James Gandolfini's gang and HBO's hit men have agreed to stop bludgeoning each other in the media, a tense peace has broken out, and the two sides plan to announce within the next 48 hours that Gandolfini will be back for a fifth season on "The Sopranos."
"There is an optimism in the air," Gandolfini spokesman Dan Klores said yesterday.
The actor has agreed to drop the breach-of-contract lawsuit that he filed two weeks ago in Los Angeles Superior Court, claiming the pay-cable network failed to give him proper notice in 2001 that his option for a fifth season would be picked up. He sought release from his contract.
HBO, which hit back with a suit claiming Gandolfini would be liable for losses of $100 million if he failed to return to the series, has agreed to drop its countersuit. But it will do so only when it has official documentation that Gandolfini's suit has been dropped with prejudice. That would mean he can't refile it in two weeks if he's not happy with the way salary negotiations are going, which is what prompted his lawsuit in the first place, sources said.
As of late yesterday, HBO was still awaiting that paperwork.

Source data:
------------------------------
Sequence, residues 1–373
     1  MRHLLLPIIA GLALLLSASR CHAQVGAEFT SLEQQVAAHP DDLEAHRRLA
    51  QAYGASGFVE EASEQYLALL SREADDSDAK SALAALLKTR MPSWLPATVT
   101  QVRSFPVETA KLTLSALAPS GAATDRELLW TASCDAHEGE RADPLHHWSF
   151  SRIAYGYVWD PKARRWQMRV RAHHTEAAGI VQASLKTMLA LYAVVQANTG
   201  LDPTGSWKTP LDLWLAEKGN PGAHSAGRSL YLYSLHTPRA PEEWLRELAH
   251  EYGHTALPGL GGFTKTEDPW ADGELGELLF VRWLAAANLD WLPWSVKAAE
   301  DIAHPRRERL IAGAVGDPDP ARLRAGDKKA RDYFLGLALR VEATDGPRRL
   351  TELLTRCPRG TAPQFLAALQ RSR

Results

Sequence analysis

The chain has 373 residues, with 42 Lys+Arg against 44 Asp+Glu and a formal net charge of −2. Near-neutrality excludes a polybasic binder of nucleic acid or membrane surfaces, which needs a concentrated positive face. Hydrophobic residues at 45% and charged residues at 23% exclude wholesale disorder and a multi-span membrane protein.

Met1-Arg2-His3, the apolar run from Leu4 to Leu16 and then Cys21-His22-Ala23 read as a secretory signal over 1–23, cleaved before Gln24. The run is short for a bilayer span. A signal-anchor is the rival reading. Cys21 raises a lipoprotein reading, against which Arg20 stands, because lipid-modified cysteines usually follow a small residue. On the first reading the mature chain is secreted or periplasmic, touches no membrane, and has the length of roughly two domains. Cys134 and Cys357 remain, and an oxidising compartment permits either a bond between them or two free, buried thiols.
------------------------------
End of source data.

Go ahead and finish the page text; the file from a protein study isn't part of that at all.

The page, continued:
Network sources said that HBO also is insisting that Gandolfini agree to come back to work under terms of his original contract, which calls for him to be paid about $400,000 per episode to star in the fifth season's 13 episodes. Negotiations would restart once he does do.
Gandolfini sources, however, said the two sides have agreed to "cut right down the middle" the difference between the $11 million per season -- twice the actor's current salary -- that HBO had at one point put on the table during salary negotiations and the $16 million Gandolfini sought.
Brad Grey, whose Brad Grey Television produces the drama series with HBO and who was not named in Gandolfini's lawsuit, talked the actor into dropping the legal action over the weekend, according to sources from both sides of this fight. That Los Angeles meeting "totally brought the temperature down," said one executive caught up in the tension.
Last week HBO sent letters to cast and crew letting them know that the show would not go back into production on March 24, as scheduled.
Gandolfini was attempting to bring his salary more into line with those of stars on high-rated broadcast TV series. But unlike broadcast networks, which come up against a deadline during high-stakes salary negotiations so as not to miss premiere week in the fall, HBO could simply put "The Sopranos" on ice and wait Gandolfini out. HBO does not debut series at a set time each year; for instance, nearly 16 months elapsed between the close of the third season of "The Sopranos" and the start of its fourth, with no apparent loss of viewers.